When you were under subjection [to Me], you hadst a bright nature within you, and for that reason you could see things afar off. But after your transgression your bright nature was withdrawn from you; and it was not left to you to see things afar off, but only near at hand; after the ability of the flesh.

Our bright nature has withdrawn but is not destroyed. The sin that so easily besets us prevents the expression of the image of God from being significantly expressed within us, yet that nature still exists. Thanks be to God.

Clothed in Glory

The Annunciation. Oldest surviving icon of the Annunciation, Rome, Via Salaria, Catacomb of Priscilla, mid-2nd century.

The Annunciation. Oldest surviving icon of the Annunciation, Rome, Via Salaria, Catacomb of Priscilla, mid-2nd century.

Clothed with the Glory of God

When we discuss the communion of persons, which is a sign[1] and symbol of the communion the trinity has with itself, we can then understand what the scriptures mean when they speak of Adam and Eve being naked, and not ashamed (Ge 2:25).[2] By nature the man and the woman were in full communion with each other, and full communion with God (Ge 2:8). The fathers of the church believed Adam and Eve were thereby clothed with the glory of God.

The obvious question is whether the idea of the original and prototypical humanity being clothed with the glory of God has any scriptural foundation. In the introduction to Robert Alter’s translation of Psalms, he notes the way the language of Psalms presents the idea of light’s being a mythological property of deity, of God wearing light as a garment, and of God stretching out the heavens as a garment.

God, as we note in Psalm 27[3], is associated with light — in that instance, because light, archetypically, means safety and rescue to those plunged in fearful darkness, but also because radiance is a mythological property of deities and monarchs. Psalm 104 is a magnificent celebration of God as king of the vast panorama of creation. It begins by imagining God in the act of putting on royal raiment: “Grandeur and glory you don” (hod wehadar lavashta). The psalmist then goes on: “Wrapped in light like a cloak, / stretching out the heavens like a tentcloth” (verse 2). What makes the familiar figure of light for the divinity so effective is its fusion with the metaphor of clothing. The poet, having represented God donning regalia, envisages Him wrapping Himself in a garment of pure light (the Hebrew verb used here is actually in the active mode, “wrapping”). Then, associatively continuing the metaphor of fabrics, he has God “stretching out the heavens like a tent-cloth,” the bright sky above becoming an extension of the radiance that envelopes God.[4]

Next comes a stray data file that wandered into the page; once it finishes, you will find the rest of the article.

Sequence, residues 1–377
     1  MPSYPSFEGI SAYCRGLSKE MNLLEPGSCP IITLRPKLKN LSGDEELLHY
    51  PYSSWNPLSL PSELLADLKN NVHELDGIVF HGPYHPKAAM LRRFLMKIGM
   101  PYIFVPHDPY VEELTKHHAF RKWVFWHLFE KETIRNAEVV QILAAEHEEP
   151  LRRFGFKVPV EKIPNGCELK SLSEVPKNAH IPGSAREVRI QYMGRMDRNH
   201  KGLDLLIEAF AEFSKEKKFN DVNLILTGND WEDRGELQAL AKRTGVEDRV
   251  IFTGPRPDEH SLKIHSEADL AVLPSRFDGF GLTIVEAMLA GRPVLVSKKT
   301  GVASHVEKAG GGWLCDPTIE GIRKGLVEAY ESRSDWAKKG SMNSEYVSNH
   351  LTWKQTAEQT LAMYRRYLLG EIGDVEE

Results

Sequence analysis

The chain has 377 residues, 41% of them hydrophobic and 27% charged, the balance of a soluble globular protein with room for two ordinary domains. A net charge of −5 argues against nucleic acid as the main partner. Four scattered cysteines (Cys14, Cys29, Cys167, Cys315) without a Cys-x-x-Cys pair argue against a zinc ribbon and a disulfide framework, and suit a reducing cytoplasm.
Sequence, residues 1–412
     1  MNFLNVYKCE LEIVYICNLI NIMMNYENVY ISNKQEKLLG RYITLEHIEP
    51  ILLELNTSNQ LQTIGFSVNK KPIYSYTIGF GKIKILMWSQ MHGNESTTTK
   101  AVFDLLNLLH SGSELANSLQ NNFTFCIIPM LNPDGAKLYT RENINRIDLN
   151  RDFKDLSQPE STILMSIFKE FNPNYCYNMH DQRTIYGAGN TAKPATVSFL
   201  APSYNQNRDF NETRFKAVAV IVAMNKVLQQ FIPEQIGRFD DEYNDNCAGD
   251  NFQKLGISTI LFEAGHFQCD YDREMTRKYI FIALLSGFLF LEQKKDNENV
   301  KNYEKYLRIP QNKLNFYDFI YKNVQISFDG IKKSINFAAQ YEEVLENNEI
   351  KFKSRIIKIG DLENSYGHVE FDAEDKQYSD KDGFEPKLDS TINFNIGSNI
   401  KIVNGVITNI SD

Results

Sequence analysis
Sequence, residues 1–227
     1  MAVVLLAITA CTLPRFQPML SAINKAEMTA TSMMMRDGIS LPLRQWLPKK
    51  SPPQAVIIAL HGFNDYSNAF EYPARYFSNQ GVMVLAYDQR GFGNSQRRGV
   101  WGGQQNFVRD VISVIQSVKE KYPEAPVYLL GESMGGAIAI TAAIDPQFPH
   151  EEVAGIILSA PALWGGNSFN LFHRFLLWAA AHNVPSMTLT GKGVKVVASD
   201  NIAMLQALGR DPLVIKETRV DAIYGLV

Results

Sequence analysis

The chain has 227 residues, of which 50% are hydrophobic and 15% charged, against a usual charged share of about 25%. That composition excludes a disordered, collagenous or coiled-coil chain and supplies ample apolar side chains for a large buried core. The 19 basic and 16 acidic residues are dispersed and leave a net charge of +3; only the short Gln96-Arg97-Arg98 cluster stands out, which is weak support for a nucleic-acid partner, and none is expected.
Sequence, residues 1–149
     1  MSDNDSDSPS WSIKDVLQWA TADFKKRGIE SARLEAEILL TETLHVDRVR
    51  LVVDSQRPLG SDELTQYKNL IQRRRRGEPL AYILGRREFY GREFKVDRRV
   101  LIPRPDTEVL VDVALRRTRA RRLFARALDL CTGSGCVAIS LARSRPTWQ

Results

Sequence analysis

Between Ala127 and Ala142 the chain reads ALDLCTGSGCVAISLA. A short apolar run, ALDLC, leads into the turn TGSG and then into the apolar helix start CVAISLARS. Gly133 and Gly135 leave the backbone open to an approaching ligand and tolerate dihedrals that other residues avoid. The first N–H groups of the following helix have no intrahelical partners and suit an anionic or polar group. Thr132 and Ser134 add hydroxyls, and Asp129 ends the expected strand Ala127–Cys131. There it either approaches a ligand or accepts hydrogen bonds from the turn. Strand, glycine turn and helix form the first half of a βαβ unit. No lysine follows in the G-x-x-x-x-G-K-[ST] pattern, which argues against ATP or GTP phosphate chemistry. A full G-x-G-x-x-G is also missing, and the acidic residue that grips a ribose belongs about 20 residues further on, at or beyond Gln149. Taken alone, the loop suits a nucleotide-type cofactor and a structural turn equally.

The association of God with light is the source for the phrase describing Jesus Christ as “light from light” in the Nicene Creed. Since Sacred Scripture speaks of God being clothed in light, and of spreading out the heavens like a tentcloth, it is only natural to extend that idea to original and prototypical humanity. St. Ephrem the Syrian writes: “God clothed Adam in glory”; and again: “It was because of the glory with which they were clothed that they were not ashamed. It was when this glory was stripped from them after they had transgressed the commandment that they were ashamed because they were naked”[5] In like manner, St John Chrysostom writes: “[W]hile sin and disobedience had not yet come on the scene, they were clad in that glory from above which caused them no shame. But after the breaking of the law, then entered the scene both shame and awareness of their nakedness.”[6]

The 17th century mystic Jacom Böhme remarks:

Man should have walked naked upon the earth, for the heavenly [part] penetrated the outward, and was his clothing. He stood in great beauty, glory, joy and delight, in a child­like mind; he should have eaten and drunk in a magical manner; not into the body, as now, but in the mouth there was the separation; for so likewise was the fruit of Paradise.[7]

Such was the state of humanity in Paradise. Yet once Adam had sinned and the glory of God had departed from him, it was immediately clear to him that he no longer belonged in Paradise. St. Ephrem the Syrian, explains this in the seventh verse of his second Hymn on Paradise:

At its boundary I saw
figs, growing in a sheltered place,
from which crowns were made that adorned
the brows of the guilty pair,
while there leaves blushed, as it were,
for him who was stripped naked:
there leaves were required for those two
who had lost their garments;
although they covered Adam,
still they made him blush with shame and repent,